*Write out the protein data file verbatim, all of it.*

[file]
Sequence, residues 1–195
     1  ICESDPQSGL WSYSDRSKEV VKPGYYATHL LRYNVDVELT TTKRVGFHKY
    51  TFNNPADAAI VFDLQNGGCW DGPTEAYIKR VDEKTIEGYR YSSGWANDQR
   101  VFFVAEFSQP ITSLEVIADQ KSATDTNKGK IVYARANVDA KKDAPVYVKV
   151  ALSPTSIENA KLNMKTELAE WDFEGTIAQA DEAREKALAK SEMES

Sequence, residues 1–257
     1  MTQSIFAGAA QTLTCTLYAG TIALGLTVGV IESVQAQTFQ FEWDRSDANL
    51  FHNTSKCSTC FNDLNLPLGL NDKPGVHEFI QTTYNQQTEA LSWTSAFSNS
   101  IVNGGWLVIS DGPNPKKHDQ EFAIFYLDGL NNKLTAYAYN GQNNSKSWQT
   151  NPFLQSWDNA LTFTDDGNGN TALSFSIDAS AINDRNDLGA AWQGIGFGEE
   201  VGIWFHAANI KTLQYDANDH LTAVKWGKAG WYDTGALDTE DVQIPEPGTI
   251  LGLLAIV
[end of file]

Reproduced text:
Sequence, residues 1–195
     1  ICESDPQSGL WSYSDRSKEV VKPGYYATHL LRYNVDVELT TTKRVGFHKY
    51  TFNNPADAAI VFDLQNGGCW DGPTEAYIKR VDEKTIEGYR YSSGWANDQR
   101  VFFVAEFSQP ITSLEVIADQ KSATDTNKGK IVYARANVDA KKDAPVYVKV
   151  ALSPTSIENA KLNMKTELAE WDFEGTIAQA DEAREKALAK SEMES

Sequence, residues 1–257
     1  MTQSIFAGAA QTLTCTLYAG TIALGLTVGV IESVQAQTFQ FEWDRSDANL
    51  FHNTSKCSTC FNDLNLPLGL NDKPGVHEFI QTTYNQQTEA LSWTSAFSNS
   101  IVNGGWLVIS DGPNPKKHDQ EFAIFYLDGL NNKLTAYAYN GQNNSKSWQT
   151  NPFLQSWDNA LTFTDDGNGN TALSFSIDAS AINDRNDLGA AWQGIGFGEE
   201  VGIWFHAANI KTLQYDANDH LTAVKWGKAG WYDTGALDTE DVQIPEPGTI
   251  LGLLAIV